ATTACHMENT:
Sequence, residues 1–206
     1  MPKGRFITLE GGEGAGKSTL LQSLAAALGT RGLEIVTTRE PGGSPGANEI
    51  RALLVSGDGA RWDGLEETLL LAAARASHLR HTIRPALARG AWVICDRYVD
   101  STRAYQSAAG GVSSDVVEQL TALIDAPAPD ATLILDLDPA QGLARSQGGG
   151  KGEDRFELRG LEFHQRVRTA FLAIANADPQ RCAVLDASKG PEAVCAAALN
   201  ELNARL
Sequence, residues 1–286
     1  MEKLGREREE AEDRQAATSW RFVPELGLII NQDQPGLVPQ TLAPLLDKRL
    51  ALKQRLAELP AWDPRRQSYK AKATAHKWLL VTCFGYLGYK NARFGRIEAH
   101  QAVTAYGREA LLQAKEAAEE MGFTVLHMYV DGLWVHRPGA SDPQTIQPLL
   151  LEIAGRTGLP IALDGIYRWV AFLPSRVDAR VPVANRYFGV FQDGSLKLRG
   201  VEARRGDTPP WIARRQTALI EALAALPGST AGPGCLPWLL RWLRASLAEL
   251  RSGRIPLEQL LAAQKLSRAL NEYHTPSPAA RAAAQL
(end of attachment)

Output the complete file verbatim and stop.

Sequence, residues 1–206
     1  MPKGRFITLE GGEGAGKSTL LQSLAAALGT RGLEIVTTRE PGGSPGANEI
    51  RALLVSGDGA RWDGLEETLL LAAARASHLR HTIRPALARG AWVICDRYVD
   101  STRAYQSAAG GVSSDVVEQL TALIDAPAPD ATLILDLDPA QGLARSQGGG
   151  KGEDRFELRG LEFHQRVRTA FLAIANADPQ RCAVLDASKG PEAVCAAALN
   201  ELNARL
Sequence, residues 1–286
     1  MEKLGREREE AEDRQAATSW RFVPELGLII NQDQPGLVPQ TLAPLLDKRL
    51  ALKQRLAELP AWDPRRQSYK AKATAHKWLL VTCFGYLGYK NARFGRIEAH
   101  QAVTAYGREA LLQAKEAAEE MGFTVLHMYV DGLWVHRPGA SDPQTIQPLL
   151  LEIAGRTGLP IALDGIYRWV AFLPSRVDAR VPVANRYFGV FQDGSLKLRG
   201  VEARRGDTPP WIARRQTALI EALAALPGST AGPGCLPWLL RWLRASLAEL
   251  RSGRIPLEQL LAAQKLSRAL NEYHTPSPAA RAAAQL